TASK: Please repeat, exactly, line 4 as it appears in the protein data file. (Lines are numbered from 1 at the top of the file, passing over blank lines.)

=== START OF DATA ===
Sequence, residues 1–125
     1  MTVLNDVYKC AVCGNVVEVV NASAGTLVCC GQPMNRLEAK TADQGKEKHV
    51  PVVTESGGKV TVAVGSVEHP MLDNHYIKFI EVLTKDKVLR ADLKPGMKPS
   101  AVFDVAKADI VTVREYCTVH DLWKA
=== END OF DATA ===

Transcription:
   101  AVFDVAKADI VTVREYCTVH DLWKA